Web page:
In December 2004, Remicade was approved for reducing signs and symptoms in patients with active AS. In May 2005, Remicade was approved for reducing signs and symptoms of active arthritis in patients with PsA. Additionally, in September 2005, Remicade was approved for reducing signs and symptoms, achieving clinical remission and mucosal healing, and eliminating corticosteroid use in patients with moderately to severely active UC who have had an inadequate response to conventional therapy.
This approval makes Remicade the first and only biologic approved for the treatment of moderate to severe UC. In addition, on May 19, 2006, Remicade was approved for reducing signs and symptoms and inducing and maintaining clinical remission in pediatric patients with moderately to severely active Crohn's disease who have had an inadequate response to conventional therapy. This approval establishes Remicade as the first and only biologic therapy approved for the treatment of PCD.
Remicade is unique among available anti-TNF biologic therapies. Unlike self-administered therapies that require patients to inject themselves frequently, Remicade is the only anti-TNF biologic administered directly by caregivers in the clinic or office setting. In RA (3 mg/kg), CD (5 mg/kg), PsA (5 mg/kg), UC (5 mg/kg), and PCD (5 mg/kg) Remicade is a two-hour infusion administered every 8 weeks, following a standard induction regimen that requires treatment at weeks 0, 2 and 6. As a result, Remicade patients may require as few as six treatments each year. In AS (5 mg/kg), Remicade is a two-hour infusion administered every 6 weeks, following a standard induction regimen that requires treatment at weeks 0, 2 and 6.
Important Safety Information
Many people with heart failure should not take Remicade; so prior to treatment you should discuss any heart condition with your doctor. Tell your doctor right away if you develop new or worsening symptoms of heart failure (such as shortness of breath or swelling of your ankles or feet).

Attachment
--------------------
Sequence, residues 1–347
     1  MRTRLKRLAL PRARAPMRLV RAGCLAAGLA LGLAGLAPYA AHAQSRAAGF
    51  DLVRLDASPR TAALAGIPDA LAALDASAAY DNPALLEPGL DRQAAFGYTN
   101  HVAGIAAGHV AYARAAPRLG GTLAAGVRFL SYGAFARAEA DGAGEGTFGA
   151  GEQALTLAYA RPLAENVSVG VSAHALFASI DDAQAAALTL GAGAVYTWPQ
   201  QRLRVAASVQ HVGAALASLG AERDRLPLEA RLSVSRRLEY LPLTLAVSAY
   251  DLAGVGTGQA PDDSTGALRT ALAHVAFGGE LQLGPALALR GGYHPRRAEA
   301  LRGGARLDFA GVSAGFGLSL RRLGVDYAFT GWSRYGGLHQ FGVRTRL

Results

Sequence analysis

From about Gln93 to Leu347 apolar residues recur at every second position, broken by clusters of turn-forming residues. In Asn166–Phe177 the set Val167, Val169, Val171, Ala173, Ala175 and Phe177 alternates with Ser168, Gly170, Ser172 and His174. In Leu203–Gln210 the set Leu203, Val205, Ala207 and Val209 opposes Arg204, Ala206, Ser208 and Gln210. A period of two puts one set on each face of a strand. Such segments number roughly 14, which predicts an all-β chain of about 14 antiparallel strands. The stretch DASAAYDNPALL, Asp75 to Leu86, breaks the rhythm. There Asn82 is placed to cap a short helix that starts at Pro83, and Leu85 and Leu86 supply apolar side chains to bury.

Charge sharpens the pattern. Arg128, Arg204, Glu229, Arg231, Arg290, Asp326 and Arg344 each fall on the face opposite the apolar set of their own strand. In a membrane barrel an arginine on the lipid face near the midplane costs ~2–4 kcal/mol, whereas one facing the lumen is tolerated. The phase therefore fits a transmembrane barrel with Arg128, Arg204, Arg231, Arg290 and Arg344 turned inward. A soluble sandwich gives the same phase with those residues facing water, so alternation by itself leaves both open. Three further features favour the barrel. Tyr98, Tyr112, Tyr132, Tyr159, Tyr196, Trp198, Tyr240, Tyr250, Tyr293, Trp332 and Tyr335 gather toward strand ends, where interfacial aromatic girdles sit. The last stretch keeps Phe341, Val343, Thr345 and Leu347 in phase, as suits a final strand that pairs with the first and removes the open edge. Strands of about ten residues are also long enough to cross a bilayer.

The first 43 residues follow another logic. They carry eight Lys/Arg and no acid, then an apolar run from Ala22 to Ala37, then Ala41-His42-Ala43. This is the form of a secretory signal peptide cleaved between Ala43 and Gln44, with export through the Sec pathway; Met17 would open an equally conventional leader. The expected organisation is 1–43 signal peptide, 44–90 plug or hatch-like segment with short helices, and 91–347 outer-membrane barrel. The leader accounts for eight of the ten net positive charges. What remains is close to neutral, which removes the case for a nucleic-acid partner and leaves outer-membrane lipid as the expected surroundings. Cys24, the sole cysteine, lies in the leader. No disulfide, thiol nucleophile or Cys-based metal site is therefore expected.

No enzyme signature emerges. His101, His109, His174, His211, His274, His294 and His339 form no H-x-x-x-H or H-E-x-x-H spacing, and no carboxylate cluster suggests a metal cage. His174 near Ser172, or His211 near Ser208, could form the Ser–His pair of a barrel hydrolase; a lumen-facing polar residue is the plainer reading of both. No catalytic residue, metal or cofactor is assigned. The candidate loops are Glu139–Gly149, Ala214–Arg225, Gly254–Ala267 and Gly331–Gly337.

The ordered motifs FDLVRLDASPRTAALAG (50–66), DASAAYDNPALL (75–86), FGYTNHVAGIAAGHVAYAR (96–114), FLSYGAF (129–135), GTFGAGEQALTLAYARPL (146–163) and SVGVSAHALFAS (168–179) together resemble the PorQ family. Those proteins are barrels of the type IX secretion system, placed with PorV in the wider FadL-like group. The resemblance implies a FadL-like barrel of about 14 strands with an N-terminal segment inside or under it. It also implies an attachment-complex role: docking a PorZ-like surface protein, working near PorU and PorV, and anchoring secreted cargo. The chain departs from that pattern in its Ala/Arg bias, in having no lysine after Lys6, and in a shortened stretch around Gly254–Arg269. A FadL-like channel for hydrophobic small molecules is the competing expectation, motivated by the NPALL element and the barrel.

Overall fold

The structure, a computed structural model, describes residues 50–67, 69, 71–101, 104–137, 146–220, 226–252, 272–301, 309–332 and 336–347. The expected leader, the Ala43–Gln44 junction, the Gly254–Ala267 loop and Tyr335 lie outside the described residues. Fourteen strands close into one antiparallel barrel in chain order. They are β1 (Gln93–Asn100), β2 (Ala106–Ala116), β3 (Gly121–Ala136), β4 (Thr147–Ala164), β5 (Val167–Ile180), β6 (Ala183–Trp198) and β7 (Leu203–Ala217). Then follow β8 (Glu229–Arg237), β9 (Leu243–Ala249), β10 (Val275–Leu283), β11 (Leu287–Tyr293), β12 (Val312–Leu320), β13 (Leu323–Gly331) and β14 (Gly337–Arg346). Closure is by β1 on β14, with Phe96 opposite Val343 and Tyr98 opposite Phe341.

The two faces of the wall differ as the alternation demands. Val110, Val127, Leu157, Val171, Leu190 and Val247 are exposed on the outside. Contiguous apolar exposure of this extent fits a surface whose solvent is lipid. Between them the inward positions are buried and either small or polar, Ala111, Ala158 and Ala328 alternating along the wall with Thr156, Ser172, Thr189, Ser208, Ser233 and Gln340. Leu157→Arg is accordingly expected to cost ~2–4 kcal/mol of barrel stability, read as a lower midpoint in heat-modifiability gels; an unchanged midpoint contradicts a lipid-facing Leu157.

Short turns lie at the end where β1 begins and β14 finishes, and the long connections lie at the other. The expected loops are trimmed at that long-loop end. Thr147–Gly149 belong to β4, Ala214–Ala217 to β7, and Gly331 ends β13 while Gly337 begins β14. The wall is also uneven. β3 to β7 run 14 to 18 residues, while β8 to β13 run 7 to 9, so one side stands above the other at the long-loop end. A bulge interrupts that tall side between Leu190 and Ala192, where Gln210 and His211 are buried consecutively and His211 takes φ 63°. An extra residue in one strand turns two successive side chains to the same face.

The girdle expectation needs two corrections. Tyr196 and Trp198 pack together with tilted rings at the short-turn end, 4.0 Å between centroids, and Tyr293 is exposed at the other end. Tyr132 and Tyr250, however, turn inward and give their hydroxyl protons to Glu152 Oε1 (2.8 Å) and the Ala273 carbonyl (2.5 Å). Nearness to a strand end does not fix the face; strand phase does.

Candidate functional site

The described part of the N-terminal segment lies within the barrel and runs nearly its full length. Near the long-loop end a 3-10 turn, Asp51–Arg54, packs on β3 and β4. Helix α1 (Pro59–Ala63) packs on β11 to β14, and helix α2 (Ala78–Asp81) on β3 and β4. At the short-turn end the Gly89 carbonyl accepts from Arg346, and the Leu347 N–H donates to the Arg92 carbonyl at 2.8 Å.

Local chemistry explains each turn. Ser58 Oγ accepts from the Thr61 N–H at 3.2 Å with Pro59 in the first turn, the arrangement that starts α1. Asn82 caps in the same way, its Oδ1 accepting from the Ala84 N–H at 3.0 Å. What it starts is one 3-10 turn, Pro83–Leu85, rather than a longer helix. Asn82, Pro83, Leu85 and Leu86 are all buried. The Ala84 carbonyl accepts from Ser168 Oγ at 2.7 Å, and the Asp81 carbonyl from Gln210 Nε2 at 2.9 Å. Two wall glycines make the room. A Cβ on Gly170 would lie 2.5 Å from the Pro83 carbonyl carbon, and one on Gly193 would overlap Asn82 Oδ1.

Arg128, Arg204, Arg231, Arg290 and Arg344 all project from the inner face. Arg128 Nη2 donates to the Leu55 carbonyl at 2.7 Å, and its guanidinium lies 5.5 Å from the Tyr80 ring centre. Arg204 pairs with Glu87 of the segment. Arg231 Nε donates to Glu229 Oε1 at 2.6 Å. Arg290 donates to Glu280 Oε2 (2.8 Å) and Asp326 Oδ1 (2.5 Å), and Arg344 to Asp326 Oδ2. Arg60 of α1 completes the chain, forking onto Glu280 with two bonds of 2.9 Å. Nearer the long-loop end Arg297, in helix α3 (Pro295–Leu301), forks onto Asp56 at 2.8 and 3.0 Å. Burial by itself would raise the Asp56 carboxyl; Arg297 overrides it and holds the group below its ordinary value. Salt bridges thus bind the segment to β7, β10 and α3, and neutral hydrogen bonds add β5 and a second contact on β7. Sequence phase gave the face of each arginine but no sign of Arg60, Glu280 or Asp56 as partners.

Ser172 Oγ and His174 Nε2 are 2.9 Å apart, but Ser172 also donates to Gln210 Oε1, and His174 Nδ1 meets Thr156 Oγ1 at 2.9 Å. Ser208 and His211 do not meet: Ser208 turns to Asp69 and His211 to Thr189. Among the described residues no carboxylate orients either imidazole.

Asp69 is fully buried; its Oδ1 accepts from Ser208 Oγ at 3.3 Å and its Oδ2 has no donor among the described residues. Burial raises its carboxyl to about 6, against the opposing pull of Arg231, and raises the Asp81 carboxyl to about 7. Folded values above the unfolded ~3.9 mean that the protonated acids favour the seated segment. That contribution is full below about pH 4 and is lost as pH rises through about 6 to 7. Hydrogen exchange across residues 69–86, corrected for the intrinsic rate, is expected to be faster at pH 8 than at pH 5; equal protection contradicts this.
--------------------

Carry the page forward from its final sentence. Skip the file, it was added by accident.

There are reports of serious infections, including tuberculosis (TB), sepsis and pneumonia. Some of these infections have been fatal. Tell your doctor if you have had recent or past exposure to people with TB. Your doctor will evaluate you for TB and perform a skin test. If you have latent (inactive) TB, your doctor should begin TB treatment before you start Remicade. Remicade can lower your ability to fight infections, so if you are prone to or have a history of infections, or develop any signs of an infection such as fever, fatigue, cough, or the flu while taking Remicade, tell your doctor right away. Also tell your doctor if you have lived in a region where histoplasmosis or coccidioidomycosis is common.
Reports of a type of blood cancer called lymphoma in patients on Remicade or other TNF blockers are rare but occur more often than expected for people in general. People who have been treated for rheumatoid arthritis, Crohn's disease, ankylosing spondylitis, or psoriatic arthritis for a long time, particularly those with highly active disease may be more prone to develop lymphoma. Cancers, other than lymphoma, have also been reported. Children and young adults who have been treated for Crohn's disease with Remicade have developed a rare type of lymphoma that often results in death. These patients also were receiving drugs known as azathioprine or 6-mercaptopurine.
If you take Remicade or other TNF blockers, your risk for developing lymphoma or other cancers may increase. You should also tell your doctor if you have had or develop lymphoma or other cancers or if you have a lung disease called chronic obstructive pulmonary disease (COPD). Reactivation of hepatitis B virus has been reported in patients who are carriers of this virus and are taking TNF blockers, such as Remicade. Some of these cases have been fatal. Tell your doctor if you know or think you may be a carrier of hepatitis B virus.
There have been rare cases of serious liver injury in people taking Remicade, some fatal. Contact your doctor immediately if you develop symptoms such as jaundice (yellow skin and eyes), dark brown urine, right-sided abdominal pain, fever, or severe fatigue.
Blood disorders have been reported, some fatal. Tell your doctor if you develop possible signs of blood disorders such as persistent fever, bruising, bleeding, or paleness while taking Remicade. Nervous system disorders have also been reported. Tell your doctor if you have or have had a disease that affects the nervous system, or if you experience any numbness, weakness, tingling, or visual disturbances while taking Remicade.
Serious infusion reactions have been reported with Remicade, including hives, difficulty breathing, and low blood pressure. Reactions have occurred during or after infusions. In clinical studies, some people experienced the following common side effects: respiratory infections (that may include sinus infections and sore throat), coughing, and stomach pain or mild reactions to infusion such as rash or itchy skin.
(i) National Institute of Arthritis and Musculoskeletal and Skin Disorders. Questions and Answers About Psoriasis. U.S. Department of Health and Human Services, National Institutes of Health; 2003. NIH Publication No. 03-5040.
SOURCE: Centocor, Inc.